I Was Arrested While Covering BLM's Curfew Protest; Here's What The Mainstream Media Missed
by DARIEN LAMEN
(ROCHESTER NY--) Dozens of Black Lives Matter protesters were arrested early Thursday while engaging in civil disobedience against a ban on overnight gatherings. I was there in an official capacity to cover the protest. And I was arrested too, press badge and all.
About a hundred people convened in downtown Martin Luther King Jr. Park Wednesday night in open defiance of Mayor Lovely Warren's newly-updated emergency health order, which now prohibits outdoor gatherings of 5 or more people and indoor gatherings of 10 or more people between 11 pm and 5 am.
Protesters left MLK park just before midnight and proceeded to march around downtown and the East End for about an hour. Protest organizers led the group past several bars on East Ave that were busy with unmasked patrons, highlighting what they say is the hypocrisy of the mayor's emergency order.
"There's definitely more than 10 motherf*ckers in this motherf*cker," one protest organizer said as the march paused in front of Brass and Murphy's Law. "But we are not allowed to. Black and Brown people and our people are not allowed to congregate together."
Bars and clubs are exempt from the mayor's ban.
The feel of Wednesday night's protest was different from that of many of the weekly Saturday afternoon rallies that have been organized by Free the People Roc. Prior to the march Wednesday, the mood was solemn and subdued; several people walked through the crowd burning sage as others listened to music. But at various moments throughout the night, the mood became jubilant, with protesters turning several intersections into open-air dance parties. When the protest later returned to Martin Luther King Jr. Park, protesters played double-dutch, twerked, lounged in the grass.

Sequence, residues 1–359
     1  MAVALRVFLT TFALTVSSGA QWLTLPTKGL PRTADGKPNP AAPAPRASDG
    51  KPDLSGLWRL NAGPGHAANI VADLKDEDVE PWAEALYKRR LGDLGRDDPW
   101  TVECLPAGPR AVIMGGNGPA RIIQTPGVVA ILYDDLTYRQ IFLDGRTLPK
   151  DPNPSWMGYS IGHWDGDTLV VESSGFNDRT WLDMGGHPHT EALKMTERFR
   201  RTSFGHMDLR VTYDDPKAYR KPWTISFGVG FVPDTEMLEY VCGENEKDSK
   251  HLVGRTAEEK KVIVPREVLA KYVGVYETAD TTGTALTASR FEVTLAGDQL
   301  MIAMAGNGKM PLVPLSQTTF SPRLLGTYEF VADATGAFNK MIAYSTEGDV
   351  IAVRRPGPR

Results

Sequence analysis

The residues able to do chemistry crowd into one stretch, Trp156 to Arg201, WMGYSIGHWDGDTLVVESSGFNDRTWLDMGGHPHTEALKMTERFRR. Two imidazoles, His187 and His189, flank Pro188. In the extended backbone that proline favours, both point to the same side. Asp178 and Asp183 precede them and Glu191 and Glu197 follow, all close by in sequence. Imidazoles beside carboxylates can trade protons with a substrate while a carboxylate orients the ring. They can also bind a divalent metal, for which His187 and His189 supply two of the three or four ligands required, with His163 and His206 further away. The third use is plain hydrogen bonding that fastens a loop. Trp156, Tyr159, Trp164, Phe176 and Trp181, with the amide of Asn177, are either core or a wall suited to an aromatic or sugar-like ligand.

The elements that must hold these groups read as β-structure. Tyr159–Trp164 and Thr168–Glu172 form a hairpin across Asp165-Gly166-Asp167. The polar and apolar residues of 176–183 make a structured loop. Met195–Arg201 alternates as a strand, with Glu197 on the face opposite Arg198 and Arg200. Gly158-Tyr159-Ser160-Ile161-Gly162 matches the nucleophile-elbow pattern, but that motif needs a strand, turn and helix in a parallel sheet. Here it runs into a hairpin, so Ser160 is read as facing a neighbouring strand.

At 1:30am, some 50 RPD officers carrying batons and pepper bullet guns arrived and ordered the group to disperse. RPD repeated the order to disperse for about an hour, citing the mayor's ban on overnight gatherings in public places, as officers and protesters squared off on opposite sides of the city-sponsored Black Lives Matter street mural along Court Street.
One protest leader asked officers how close together people had to be to constitute "a group" in the terms laid out in the emergency order. "How many feet apart?" the protester said, while walking away from a line of protesters on the sidewalk. "Am I a group of one now?" he said. He then walked toward me as I recorded. "Are we a group of two?"
The mayor's updated emergency order does not specify how to identify a group, only what constitutes a "public place."
During a press conference Wednesday, Mayor Warren said she had added the ban on overnight gatherings to the standing COVID-19 emergency order to quell recent gun violence, some of which has taken place outside "large parties," police say.
But whatever the rationale for the targeted curfew, activists at Wednesday night's protest said the result would be to ensure further criminalization of already overpoliced communities of color.
When Rochester police officers moved to make arrests at around 2:30am Thursday morning, I was swept up in the police "kettle" along with 4 legal observers wearing bright green National Lawyers Guild hats.
A line of officers pushed into me and told me to "move back." With my press badge clearly visible, I identified myself as media and was told "Yep. We see you." But I was not permitted to leave the encircled area.
Protesters objected when officers came to arrest the first of the legal observers inside the kettle, to which the police sergeant overseeing the arrests responded, "They're inside the circle, they're not observers," and "Not binding."
Over the course of an hour, 30 people were handcuffed and taken to the RPD Station on N Clinton Ave, where they were charged with violating the newly-imposed emergency order, a class B misdemeanor, before being given appearance tickets and released.
I was the last person to be arrested that night.
During the course of the arrests, RPD officers did not use masks or visors while handling those in custody. This despite the fact that the arrests were being made under the auspices of a public health emergency order.
Officers removed the masks of handcuffed arrestees to take our pictures on site before loading us into vehicles. I was loaded into a poorly-ventilated van with 2 unmasked police officers and 5 other arrestees, one of whom struggled to move her mask back into place while handcuffed with her hands behind her back.
The RPD says all 30 people arrested Thursday were charged with violating the emergency order, and that no additional charges had been brought.
That's my belated report on this week's protest, and that was my view from inside the kettle.
Darien Lamen is news producer for WXIR Community Radio. He can be reached at firstname.lastname@example.org.